Talking about LGBTQ+ legislation in Iowa


Meghan Agnew

Jackie Kluesner, an English education major, holds their sign in the LGBTQIA+ walkout on Iowa State’s campus March 1, 2023.

Iowa has seen a record number of bills impacting the LGBTQ+ community in the current legislative session, two of which were passed in March.

The two bills, SF 538 and SF 482, target transgender individuals. SF 538 prohibits gender-affirming care for minors, while SF 482 bans individuals from entering multi-occupancy restrooms or changing rooms that do not correspond with their biological sex, according to the Iowa Legislature.

Many students, like Marielle MacDonald, a sophomore studying English, feel disgusted by the rise in anti-LGBTQ+ bills.

“I remember thinking that the bills being passed seemed dystopian in a way,” MacDonald said. “I couldn’t believe this was something that was actually happening in my community.”

Twenty-nine bills have been presented to Iowa legislatures, and more than 450 bills have been introduced to legislatures across the country, according to the American Civil Liberties Union (ACLU).

“Bills and legislation like this can create feelings of isolation and wrongness,” said Taylor Velgersdyk, a sophomore studying environmental science. “I worry for my friends and community members who will suffer from these decisions.”

Students feel their emotions continue to build while debates over similar bills ensue.

“I initially had a lot of reactions,” Presley Anstine, a freshman studying English, said. “First it was dread, and then it moved to despair, and then there is this rage that is continuously building.”

These bills have a lasting impact on the LGBTQ+ community, according to MacDonald.

“These bills tell those within the community what they can and cannot do with their own bodies,” MacDonald said. “Forcing someone to go back into the closet or change their identity again to fit the gender binary has severe mental effects.”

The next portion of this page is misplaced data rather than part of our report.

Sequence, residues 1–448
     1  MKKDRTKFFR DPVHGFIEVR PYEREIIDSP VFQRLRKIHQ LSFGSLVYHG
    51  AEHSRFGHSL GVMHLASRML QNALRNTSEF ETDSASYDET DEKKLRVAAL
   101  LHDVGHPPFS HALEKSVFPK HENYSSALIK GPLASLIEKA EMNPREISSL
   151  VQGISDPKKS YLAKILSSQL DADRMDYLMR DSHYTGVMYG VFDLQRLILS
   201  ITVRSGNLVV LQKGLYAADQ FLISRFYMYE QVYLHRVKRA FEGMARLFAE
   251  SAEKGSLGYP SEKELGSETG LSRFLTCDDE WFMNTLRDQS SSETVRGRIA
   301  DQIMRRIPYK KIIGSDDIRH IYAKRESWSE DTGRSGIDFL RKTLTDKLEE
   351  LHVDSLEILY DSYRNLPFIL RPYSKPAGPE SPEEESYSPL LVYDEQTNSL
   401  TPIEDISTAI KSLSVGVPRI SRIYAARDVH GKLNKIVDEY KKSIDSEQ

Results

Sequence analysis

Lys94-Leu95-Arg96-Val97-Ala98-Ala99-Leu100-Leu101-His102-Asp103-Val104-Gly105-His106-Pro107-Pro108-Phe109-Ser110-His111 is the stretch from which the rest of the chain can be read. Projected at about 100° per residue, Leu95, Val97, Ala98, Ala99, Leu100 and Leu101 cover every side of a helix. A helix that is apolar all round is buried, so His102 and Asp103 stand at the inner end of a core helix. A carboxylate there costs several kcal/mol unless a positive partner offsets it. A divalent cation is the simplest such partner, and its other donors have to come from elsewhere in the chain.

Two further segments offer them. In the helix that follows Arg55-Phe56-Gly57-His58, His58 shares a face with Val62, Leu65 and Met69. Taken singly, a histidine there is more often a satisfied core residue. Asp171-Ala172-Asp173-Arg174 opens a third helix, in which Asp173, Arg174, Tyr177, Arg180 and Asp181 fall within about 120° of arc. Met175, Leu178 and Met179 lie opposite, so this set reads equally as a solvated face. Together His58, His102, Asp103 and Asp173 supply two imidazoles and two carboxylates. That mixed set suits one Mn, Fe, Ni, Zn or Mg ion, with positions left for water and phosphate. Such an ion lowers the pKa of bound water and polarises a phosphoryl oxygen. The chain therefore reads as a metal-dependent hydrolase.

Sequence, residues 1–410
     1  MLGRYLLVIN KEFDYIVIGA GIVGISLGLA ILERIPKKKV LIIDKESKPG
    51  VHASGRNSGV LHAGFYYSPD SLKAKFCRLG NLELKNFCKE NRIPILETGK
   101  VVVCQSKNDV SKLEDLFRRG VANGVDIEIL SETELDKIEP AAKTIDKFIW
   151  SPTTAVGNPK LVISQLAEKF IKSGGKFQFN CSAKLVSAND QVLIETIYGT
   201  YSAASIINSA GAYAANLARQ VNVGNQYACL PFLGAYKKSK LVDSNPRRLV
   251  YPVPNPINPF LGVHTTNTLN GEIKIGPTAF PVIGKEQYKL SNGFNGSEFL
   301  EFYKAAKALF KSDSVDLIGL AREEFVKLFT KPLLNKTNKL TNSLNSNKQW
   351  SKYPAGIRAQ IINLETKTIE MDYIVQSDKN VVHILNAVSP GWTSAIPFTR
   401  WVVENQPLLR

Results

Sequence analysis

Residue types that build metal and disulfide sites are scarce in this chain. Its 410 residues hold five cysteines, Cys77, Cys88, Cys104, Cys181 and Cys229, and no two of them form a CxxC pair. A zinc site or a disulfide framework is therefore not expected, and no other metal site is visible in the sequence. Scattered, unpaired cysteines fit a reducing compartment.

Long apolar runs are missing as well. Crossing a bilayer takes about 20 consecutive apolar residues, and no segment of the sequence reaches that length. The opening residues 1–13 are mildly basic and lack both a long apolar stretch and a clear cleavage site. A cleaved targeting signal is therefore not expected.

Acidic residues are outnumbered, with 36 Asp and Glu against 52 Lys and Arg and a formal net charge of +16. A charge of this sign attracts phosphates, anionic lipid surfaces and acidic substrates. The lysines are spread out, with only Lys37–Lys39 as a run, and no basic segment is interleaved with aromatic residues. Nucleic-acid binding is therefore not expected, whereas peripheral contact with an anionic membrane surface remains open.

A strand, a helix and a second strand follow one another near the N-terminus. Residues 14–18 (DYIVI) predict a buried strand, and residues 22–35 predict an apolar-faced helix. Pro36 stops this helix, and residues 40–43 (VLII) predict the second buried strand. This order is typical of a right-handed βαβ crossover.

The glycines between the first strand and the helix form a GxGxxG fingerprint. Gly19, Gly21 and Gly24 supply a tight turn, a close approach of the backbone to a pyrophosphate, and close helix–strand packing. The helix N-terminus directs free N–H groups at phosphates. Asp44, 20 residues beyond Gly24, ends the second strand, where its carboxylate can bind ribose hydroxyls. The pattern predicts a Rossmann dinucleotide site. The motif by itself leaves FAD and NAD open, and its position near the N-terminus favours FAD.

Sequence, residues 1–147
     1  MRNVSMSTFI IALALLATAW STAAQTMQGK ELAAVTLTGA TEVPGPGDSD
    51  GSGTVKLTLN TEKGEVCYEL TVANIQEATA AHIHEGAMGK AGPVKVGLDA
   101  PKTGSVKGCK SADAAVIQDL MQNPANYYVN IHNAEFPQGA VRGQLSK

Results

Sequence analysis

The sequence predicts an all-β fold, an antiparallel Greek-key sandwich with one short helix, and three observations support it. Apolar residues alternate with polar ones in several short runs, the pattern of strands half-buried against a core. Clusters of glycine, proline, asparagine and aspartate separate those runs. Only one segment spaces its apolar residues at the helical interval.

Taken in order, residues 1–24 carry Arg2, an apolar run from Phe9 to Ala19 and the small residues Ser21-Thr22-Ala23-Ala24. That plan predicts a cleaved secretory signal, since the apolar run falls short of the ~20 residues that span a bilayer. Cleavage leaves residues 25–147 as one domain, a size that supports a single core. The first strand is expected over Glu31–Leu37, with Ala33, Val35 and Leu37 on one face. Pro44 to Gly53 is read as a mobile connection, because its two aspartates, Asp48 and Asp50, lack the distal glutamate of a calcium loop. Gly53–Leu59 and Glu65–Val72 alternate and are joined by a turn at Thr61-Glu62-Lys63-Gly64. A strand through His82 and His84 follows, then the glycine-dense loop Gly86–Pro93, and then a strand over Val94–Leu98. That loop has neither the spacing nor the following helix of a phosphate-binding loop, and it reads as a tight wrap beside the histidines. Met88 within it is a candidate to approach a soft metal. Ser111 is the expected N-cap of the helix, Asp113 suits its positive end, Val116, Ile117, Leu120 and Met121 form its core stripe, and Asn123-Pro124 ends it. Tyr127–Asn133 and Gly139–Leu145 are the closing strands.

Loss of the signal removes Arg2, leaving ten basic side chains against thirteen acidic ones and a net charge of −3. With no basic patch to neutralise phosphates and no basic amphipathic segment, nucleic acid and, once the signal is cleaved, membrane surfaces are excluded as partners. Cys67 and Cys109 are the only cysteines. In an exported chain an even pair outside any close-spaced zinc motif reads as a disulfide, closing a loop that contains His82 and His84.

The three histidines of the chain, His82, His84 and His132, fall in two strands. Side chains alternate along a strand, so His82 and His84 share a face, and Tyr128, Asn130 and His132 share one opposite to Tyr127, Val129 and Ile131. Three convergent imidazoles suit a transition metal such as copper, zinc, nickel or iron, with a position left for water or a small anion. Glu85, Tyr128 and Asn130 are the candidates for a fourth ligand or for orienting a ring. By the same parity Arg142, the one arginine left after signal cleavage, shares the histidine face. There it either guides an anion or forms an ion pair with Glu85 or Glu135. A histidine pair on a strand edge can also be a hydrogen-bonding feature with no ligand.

LGBTQ+ youth are four times more likely to attempt suicide than their heterosexual or cisgender peers, according to the Trevor Project.

“Forcing younger people to de-transition after they’ve worked so hard to express their identity and their true selves is just cruel,” MacDonald said. “I would not be surprised if the adolescent suicide rate in Iowa rose because of these bills.”

Students like MacDonald feel these bills target transgender individuals, however, other students like Georgie Hilby, refute this statement.

“It’s not targeting transgender individuals, rather protecting them from making a decision they may come to regret,” Hilby, a senior studying agricultural and rural policy studies, said. “It’s important that Iowa stands strong against popular trends that have negative effects on underage children.”

These bills seek to protect Iowans, especially people from younger demographics, according to Hilby.

“I think these bills help keep Iowa standing firm against radical agendas that threaten human nature,” Hilby said. “It also helps protect children faced with social and identity issues from making an unchangeable decision.”

As more bills continue to be introduced, students feel a sense of hopelessness, according to Anstine.

“There is an overwhelming amount of hate being thrown at the LGBTQ+ community,” Anstine said. “I feel scared and unsafe, knowing people out there are filled with so much hate for human beings they don’t know.”

Students can make a difference by writing to senators and representatives, going to protests, holding discussions on campus, and just building community, according to Velgersdyk.

“Be loud,” Velgersdyk said. “Do anything that makes our voices heard and our presence strong.”